A Display of Effortless Perfection at the Unbeatable Mind Retreat

Shibumi – on display at the 2017 Unbeatable Mind Retreat

The Japanese term Shibumi means “effortless perfection,” and it is the results of countless hours of passionate mastery of specialized skills, powered by the mental refinement that accrues over time from that work. Shibumi is similar to flow, with the exception that flow can occur when reading, writing or sitting with your kids. Shibumi, however, is flow experience while performing your craft, such that it looks and feels perfect and effortless. I was humbled to see many examples of it at our Unbeatable Mind Planning Retreat last weekend. Here I would like to focus on a single powerful insight from each of the masters of their craft who presented.

The way you eat is not your fault. This from nutritional expert Robb Wolfe. We are hard wired to desire variety and to eat when food is available. We survived up to a couple hundred years ago, by eating what was seasonably available or brought in by the hunters. Often this wasn’t much, at least not anything near the plentitude that is available today. We ate sparingly, seasonally and when food was served. Thus, we strove to eat as much variety as possible to get nutrient balance, and as much as possible because food may not be available tomorrow. Unfortunately, that wiring is still with us and works against us in our modern world of plenty. What to do? Well, that would be a second insight, and I only promised one! (hint, you can see Robb in our digital bundle video, or come next year).

Your blood-brain barrier can leak. And that leaking will impair optimal brain performance. Yes, I was surprised also, to learn that our brains can leak. Perhaps it helps explain why my thoughts have spilled into this blog so easily. Ben Greenfield is an expert in body and brain optimization and with great humor cued us on what causes a leaky blood-brain barrier and how to prevent it with fueling, supplementation, and other cool tricks.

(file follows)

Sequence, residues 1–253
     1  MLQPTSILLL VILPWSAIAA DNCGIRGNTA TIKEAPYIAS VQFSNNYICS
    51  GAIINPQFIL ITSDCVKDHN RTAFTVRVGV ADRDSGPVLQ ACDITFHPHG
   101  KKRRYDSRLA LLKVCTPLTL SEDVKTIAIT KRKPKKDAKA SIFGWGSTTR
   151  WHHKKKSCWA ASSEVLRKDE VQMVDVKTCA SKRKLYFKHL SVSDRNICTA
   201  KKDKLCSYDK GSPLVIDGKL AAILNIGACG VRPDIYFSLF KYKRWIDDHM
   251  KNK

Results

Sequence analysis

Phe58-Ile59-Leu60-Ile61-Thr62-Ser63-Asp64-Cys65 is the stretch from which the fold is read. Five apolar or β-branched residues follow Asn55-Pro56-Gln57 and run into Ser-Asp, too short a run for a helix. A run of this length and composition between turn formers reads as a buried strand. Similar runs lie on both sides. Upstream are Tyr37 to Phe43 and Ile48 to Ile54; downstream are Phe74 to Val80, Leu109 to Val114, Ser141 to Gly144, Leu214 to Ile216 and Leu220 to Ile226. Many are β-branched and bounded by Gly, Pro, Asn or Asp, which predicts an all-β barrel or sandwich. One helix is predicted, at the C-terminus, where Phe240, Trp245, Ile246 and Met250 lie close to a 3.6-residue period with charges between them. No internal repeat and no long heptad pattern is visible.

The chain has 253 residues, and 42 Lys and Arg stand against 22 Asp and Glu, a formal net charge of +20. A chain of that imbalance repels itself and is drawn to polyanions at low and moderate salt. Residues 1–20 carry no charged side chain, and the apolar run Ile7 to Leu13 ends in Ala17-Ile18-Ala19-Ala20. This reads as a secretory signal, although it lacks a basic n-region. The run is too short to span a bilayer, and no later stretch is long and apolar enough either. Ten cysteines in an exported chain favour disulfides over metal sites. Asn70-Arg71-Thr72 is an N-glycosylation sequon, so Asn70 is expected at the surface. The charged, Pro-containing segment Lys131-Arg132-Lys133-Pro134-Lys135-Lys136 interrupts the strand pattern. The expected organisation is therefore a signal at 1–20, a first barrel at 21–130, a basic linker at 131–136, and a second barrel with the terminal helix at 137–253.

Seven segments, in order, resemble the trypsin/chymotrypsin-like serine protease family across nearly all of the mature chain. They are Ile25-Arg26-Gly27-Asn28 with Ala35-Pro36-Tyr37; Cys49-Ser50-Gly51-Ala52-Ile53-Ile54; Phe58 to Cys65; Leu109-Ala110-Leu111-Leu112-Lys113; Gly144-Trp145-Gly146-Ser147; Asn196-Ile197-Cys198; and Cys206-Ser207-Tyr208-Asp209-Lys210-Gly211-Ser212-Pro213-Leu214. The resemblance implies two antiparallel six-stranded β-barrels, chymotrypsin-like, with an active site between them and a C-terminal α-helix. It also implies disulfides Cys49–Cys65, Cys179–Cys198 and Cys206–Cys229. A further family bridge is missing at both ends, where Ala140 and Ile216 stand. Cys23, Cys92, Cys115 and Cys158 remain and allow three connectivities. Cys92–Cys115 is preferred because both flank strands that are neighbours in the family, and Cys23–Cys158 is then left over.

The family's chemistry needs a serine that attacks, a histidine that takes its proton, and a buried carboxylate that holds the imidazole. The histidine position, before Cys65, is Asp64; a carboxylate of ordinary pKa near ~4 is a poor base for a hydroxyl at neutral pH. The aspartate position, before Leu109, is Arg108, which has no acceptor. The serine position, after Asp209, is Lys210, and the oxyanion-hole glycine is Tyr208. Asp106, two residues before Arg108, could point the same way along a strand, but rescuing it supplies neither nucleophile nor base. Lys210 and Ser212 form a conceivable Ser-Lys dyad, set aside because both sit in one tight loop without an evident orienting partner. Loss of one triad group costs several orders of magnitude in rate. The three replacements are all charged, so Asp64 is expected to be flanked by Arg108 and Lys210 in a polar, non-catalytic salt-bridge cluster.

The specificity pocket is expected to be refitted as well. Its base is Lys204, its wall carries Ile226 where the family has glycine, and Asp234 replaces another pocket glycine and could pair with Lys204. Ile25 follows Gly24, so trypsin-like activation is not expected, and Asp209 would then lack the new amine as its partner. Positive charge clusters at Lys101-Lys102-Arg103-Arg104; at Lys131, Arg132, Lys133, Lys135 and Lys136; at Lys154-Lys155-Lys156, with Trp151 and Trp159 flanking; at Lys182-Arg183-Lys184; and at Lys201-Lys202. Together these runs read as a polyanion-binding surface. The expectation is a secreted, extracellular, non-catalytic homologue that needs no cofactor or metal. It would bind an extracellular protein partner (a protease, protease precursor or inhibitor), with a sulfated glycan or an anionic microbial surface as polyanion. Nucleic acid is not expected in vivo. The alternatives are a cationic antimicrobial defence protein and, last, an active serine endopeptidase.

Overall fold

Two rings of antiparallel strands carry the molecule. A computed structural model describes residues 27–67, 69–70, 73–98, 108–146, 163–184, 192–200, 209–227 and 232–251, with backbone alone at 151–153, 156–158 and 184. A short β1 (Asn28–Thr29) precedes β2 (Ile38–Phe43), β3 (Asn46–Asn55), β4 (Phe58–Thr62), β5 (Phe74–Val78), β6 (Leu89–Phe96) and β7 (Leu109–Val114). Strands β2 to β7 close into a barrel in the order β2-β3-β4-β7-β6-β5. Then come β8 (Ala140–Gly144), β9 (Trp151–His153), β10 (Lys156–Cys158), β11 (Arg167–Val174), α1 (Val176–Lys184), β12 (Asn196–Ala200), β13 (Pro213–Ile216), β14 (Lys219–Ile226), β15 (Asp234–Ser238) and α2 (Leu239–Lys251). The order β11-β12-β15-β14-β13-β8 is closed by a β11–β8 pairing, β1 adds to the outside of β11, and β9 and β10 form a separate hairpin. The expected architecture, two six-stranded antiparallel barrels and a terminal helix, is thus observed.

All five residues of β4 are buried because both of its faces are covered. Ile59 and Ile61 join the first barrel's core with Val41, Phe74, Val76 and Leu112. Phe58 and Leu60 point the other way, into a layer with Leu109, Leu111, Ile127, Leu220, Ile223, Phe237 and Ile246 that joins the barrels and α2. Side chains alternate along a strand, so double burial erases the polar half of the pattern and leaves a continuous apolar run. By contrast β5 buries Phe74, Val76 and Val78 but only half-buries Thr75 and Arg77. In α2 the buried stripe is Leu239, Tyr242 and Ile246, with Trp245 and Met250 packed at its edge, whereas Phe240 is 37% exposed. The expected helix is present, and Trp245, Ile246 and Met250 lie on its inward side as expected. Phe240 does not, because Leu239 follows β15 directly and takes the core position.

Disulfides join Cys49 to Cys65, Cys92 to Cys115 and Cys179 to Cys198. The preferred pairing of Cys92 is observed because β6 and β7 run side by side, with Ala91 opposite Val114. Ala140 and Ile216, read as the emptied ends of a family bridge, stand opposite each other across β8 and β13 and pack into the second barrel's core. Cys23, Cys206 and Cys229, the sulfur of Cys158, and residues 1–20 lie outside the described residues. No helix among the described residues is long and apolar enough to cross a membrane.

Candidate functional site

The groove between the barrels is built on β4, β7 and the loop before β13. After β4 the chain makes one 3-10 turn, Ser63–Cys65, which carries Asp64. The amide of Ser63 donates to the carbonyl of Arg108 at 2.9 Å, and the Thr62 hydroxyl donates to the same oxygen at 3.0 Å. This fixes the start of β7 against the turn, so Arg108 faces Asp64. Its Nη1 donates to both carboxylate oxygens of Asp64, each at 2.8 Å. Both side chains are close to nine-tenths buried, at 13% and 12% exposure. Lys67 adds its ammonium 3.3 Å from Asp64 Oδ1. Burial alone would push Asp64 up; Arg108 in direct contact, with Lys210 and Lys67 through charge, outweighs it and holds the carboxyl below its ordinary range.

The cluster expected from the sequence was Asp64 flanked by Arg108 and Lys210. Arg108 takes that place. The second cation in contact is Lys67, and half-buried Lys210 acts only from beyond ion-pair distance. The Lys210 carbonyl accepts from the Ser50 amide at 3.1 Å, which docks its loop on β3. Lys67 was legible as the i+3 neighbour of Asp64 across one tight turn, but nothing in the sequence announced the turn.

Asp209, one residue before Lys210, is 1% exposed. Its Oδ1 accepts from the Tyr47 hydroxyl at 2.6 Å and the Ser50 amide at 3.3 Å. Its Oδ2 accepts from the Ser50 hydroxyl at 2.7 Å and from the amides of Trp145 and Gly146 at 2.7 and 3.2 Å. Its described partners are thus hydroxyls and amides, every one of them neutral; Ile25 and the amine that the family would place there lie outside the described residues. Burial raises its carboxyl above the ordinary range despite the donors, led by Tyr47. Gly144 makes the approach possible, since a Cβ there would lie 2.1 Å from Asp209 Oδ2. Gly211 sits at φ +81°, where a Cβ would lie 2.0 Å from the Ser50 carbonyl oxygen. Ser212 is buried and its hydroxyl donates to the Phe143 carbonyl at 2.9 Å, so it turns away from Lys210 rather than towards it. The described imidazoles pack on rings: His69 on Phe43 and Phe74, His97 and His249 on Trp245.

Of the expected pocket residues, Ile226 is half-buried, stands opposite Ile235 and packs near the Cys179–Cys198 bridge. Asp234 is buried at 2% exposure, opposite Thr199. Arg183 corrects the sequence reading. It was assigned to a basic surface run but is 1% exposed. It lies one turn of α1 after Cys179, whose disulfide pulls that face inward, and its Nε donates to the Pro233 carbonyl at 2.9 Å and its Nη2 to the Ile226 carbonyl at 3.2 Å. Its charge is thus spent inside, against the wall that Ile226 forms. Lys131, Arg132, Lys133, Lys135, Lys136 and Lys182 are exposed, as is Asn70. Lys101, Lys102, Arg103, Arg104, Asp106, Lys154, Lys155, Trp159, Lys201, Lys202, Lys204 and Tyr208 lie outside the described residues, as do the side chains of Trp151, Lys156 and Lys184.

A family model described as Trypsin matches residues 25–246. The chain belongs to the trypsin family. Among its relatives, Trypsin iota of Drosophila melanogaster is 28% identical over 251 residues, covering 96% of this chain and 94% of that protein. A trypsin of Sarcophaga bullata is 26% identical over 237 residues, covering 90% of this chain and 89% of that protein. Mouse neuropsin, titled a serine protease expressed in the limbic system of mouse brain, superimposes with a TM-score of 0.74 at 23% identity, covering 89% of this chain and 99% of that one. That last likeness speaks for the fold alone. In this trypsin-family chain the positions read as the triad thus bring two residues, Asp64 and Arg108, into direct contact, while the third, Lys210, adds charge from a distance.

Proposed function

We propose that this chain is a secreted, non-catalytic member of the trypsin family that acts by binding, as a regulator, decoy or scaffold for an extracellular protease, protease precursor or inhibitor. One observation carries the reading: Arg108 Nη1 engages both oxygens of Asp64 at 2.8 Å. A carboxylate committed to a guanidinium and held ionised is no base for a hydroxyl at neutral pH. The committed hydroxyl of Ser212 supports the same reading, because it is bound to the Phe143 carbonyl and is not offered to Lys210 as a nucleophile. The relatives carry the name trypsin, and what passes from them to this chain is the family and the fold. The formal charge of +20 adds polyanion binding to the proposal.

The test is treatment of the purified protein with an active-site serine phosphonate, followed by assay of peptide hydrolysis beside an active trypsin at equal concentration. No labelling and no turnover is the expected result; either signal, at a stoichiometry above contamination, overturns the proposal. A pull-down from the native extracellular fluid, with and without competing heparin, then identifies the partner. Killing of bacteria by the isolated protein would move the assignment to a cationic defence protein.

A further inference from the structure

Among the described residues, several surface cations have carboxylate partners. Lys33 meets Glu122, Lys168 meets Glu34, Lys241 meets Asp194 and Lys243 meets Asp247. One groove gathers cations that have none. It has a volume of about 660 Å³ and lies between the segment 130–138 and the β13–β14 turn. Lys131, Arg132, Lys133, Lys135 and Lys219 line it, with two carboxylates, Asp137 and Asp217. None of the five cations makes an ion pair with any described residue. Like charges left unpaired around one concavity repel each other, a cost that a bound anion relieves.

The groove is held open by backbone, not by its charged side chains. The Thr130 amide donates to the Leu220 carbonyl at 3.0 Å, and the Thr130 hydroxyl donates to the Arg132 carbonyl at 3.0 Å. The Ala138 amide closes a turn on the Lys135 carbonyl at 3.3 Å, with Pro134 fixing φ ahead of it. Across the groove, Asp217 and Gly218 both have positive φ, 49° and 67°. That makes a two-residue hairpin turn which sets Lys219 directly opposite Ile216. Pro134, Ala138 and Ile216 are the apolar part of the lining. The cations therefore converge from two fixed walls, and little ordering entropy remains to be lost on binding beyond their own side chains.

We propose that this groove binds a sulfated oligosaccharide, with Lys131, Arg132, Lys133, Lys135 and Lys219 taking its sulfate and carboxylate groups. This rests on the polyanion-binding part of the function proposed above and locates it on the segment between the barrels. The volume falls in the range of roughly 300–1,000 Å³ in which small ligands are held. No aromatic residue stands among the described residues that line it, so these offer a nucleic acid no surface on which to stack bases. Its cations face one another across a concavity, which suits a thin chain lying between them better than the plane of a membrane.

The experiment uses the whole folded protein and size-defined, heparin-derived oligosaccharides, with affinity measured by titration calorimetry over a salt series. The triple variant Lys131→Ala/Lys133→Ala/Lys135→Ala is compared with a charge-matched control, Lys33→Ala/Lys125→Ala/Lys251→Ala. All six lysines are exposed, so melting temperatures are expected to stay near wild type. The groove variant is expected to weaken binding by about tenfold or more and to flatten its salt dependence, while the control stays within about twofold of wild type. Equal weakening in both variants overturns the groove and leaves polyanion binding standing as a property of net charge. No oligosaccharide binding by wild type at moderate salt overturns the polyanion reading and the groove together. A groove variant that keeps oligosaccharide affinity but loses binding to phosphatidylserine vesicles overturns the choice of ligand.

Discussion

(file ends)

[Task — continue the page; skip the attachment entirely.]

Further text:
You can breathe for optimal physical and spiritual health. Ok, this one is not new, since I have been trumpeting it for years, but it is worth revisiting again and again because we are also conditioned to breathe poorly by our hectic, seat-filled society. Sitting all the time weakens our breathing muscles, and too often we hold our breath unintentionally or pant through our mouths twenty or more times a minute. These dysfunctional breathing patterns lead to ill-health and troubled mental-emotional balance. Breath expert Dan Brule reminds us to breathe slowly through our noses in a circular pattern. That means we pay close attention to how we exhale after the inhale, and vice versa. Each breath can be 8 or 10 seconds for the complete circle, leaving us with 6 to 8 breaths per minute. Practice this daily for 10 years and you will be super healthy and enlightened. Who is with me?

Focus on your passion, and soon you could ski off the top of the world. I must say that Jimmy Chin was such an inspiration to me and captured the essence of humble mastery that I try so hard to achieve myself and to teach. Jimmy’s love for climbing led him to abandon his parent’s dream for his medical career, as he became a climbing dirtbag (he used as a term of endearment for him and his dirt-poor climbing pals in Yosemite). After learning he had a sideline passion for photographing places and people off-limits to other photojournalists, he was drawn to the big Eurasian mountains, including Meru (you must see his documentary called Meru), and he climbed, then skied off the summit of Mount Everest! Despite this unbelievable feat, there is not a speck of ego in Jimmy. His intense focus and tolerance for risk have tempered his mind like a finely sharpened sword. I hope we see Jimmy at a future Unbeatable or SEALFIT event.